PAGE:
ALBUM REVIEW: Anaal Nathrakh – Endarkenment

Release Date: October 2nd 2020
Label: Metal Blade Records
Website: None available
Facebook: www.facebook.com/anaalnathrakhofficial
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Rating:

As if pleased that the world has caught up with their nihilistic mentality, ​Anaal Nathrakh​ sound particularly emboldened on ‘​Endarkenment’. A grim descent in extreme metal maximalism, on their eleventh album the Birmingham veterans plough similar terrain to previous works, for both better and for worse.

Previous full-length, ‘​A New Kind Of Horror​’, hinted at some new additions to the Anaal Nathrakh​ formula, including a strong thematic concept and some well-placed adornments of crackled electronica. As a whole, it wasn’t a huge variation on the band’s sound, but it hinted at a willingness to experiment on future endeavours.

What a disappointment it is to discover that​ Anaal Nathrakh​ haven’t pushed forward with this adventurism, and have rather stuck with what they’re familiar with; the usual formula of ferocious blast beats, melodeath guitars, and soaring choruses. It’s a tried-and-tested combination that’s bought the band a solid cult following, however, the brash extremity of the formula is starting to show its limitations.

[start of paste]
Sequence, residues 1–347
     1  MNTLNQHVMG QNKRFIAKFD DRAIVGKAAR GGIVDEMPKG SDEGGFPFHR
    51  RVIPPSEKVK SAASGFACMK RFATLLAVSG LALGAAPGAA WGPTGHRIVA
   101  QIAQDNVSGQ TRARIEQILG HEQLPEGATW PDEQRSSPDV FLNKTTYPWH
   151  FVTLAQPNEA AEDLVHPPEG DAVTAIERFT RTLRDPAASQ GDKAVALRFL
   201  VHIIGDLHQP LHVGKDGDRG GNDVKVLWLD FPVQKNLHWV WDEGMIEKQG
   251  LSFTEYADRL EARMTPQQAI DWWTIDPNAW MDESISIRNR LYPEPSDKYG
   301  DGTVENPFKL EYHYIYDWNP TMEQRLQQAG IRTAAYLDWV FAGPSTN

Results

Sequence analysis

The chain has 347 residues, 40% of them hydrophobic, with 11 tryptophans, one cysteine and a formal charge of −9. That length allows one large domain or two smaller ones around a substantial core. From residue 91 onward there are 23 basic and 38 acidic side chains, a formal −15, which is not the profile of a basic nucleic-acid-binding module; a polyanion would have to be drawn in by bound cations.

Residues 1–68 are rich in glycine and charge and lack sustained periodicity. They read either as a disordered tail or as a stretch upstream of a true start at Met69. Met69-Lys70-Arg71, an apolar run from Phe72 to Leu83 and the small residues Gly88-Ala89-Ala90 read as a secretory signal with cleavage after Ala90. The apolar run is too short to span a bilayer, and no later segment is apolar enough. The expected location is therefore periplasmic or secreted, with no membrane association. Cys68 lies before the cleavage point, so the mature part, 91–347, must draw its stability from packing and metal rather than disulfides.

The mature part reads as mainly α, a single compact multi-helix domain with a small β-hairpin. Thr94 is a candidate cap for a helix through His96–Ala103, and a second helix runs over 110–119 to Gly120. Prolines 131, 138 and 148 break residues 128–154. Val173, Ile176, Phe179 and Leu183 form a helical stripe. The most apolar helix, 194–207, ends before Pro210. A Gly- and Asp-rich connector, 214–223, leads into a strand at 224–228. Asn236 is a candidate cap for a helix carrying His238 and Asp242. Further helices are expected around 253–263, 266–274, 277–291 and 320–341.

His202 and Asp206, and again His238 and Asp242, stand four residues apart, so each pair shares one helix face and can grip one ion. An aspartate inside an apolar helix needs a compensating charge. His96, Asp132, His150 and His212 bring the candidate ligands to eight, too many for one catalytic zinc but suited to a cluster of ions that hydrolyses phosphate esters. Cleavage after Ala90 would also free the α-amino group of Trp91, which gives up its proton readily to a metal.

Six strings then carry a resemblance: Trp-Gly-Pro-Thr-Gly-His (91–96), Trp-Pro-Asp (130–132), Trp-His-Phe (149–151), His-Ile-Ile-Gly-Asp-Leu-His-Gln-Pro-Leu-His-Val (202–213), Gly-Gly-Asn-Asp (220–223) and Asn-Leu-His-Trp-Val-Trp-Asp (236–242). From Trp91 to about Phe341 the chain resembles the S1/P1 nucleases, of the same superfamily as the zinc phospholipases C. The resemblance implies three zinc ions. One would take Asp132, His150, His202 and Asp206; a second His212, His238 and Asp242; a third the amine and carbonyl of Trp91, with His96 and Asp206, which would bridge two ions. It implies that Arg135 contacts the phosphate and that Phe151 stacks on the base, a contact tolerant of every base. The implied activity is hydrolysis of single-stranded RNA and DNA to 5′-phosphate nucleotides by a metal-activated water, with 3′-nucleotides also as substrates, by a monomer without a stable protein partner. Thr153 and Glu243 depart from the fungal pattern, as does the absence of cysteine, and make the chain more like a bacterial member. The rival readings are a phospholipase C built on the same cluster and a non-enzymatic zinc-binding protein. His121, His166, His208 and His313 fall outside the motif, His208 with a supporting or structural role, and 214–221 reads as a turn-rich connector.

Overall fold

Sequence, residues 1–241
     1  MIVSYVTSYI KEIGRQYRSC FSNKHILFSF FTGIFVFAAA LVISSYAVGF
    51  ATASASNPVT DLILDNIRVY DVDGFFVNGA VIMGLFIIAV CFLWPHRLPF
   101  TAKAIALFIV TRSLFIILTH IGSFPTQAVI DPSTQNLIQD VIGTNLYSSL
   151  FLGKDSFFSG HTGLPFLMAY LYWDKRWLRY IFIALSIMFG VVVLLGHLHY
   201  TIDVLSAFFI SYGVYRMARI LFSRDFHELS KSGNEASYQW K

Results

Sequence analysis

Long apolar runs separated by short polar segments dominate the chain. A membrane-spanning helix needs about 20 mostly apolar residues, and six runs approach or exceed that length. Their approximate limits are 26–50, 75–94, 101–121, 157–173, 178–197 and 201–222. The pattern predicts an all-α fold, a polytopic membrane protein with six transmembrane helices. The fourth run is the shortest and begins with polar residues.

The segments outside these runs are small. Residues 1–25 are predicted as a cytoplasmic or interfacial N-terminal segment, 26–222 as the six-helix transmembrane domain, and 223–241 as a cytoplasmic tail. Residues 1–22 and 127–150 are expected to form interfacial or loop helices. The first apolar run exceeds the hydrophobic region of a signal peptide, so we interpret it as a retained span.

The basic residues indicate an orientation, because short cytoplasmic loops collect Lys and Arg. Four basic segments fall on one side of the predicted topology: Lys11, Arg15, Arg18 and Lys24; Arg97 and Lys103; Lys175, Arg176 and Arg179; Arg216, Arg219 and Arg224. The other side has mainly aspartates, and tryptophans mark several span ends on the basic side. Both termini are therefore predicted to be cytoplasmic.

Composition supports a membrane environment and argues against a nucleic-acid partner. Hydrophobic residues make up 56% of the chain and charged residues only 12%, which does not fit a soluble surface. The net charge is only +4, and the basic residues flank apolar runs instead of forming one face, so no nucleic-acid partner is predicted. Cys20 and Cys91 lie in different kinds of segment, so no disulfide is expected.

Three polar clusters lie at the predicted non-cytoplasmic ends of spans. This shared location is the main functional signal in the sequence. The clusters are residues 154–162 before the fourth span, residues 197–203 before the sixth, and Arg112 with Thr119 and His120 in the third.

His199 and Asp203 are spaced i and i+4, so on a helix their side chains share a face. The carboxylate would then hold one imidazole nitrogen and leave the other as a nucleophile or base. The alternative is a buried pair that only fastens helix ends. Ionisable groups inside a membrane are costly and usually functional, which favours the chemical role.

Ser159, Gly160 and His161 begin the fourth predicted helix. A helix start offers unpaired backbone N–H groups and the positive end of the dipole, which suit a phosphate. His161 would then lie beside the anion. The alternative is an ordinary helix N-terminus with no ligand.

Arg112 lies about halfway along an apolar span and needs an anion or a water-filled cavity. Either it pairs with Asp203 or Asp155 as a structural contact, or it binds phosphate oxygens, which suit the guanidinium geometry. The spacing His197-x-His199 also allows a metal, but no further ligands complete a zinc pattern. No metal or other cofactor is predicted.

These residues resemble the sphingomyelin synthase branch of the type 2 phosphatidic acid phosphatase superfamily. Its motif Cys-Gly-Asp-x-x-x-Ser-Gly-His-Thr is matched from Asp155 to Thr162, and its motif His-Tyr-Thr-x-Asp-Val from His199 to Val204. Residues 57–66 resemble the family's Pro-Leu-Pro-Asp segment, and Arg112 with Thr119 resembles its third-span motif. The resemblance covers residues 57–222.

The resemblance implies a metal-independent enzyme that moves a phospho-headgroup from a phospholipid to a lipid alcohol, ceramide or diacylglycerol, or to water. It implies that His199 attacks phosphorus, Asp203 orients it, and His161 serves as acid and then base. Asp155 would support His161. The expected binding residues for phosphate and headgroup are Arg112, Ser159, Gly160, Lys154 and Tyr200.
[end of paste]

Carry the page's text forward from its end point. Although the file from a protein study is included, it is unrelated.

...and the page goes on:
Perhaps the biggest issue with ‘​Endarkenment​’ is the aforementioned maximalism. This is a key feature of ​Anaal Nathrakh‘s sound, a relentless assault of rapid instrumentation, combined with a layer of symphonic grandeur that often becomes quite overbearing, it ends up merely achieving a numbing, white-noise quality rather than an intimidating or oppressive one. Almost every song on ‘Endarkenment’ suffers from this issue, which especially becomes a problem on the back half of the album, where the tracks continue their assault with little to no variation on the theme.

Taken as their own self-contained beasts, certain tracks do work. ‘​Thus, Always, To Tyrants​’ is a punishing work of grindcore madness, with the programmed drums being pushed to their limit and Dave Hunt‘s manic vocals firing at their most unhinged. ​‘Feeding The Death Machine​’ is also a standout, an intense work of melodic death metal that features a great riff and post-solo hangbang-section.

However, there are too many tracks that feel like works of manic frenzy without any sense of formal nuance or textural awareness. ‘​Punish Them​’ is an aptly-titled chore, three and a half minutes of blast beats and frantic guitars that feels too randomly arranged and un-thought out to leave any lasting impression. ‘​The Age Of Starlight Ends​’ is another culprit; a relentless, numbing workout, it fails to exhilarate, giving too much time to its copious blast beats and terrible clean choruses.

These chorus sections are ‘​Endarkenment​’‘s – and probably ​Anaal Nathrakh‘s – biggest weakness. The soaring, almost power metal melodies of ‘​The Age Of Starlight Ends​’, ‘​Create Art, Though The World May Perish​’ and multiple others are all painfully unengaging and dated. With bands like ​Cattle Decapitation incorporating strange, eerie clean vocals into their extreme metal chaos, ​Anaal Nathrakh‘s use of them needs a serious rethink.

A mixed bag, ‘​Endarkenment​’ could have been a savage indictment of our strange, darkening times. However, its lack of formal discipline and unwillingness to deviate from a problematic formula means it fails to leave much of a lasting sting, which for an album of such maximalist savagery, isn’t at all good enough.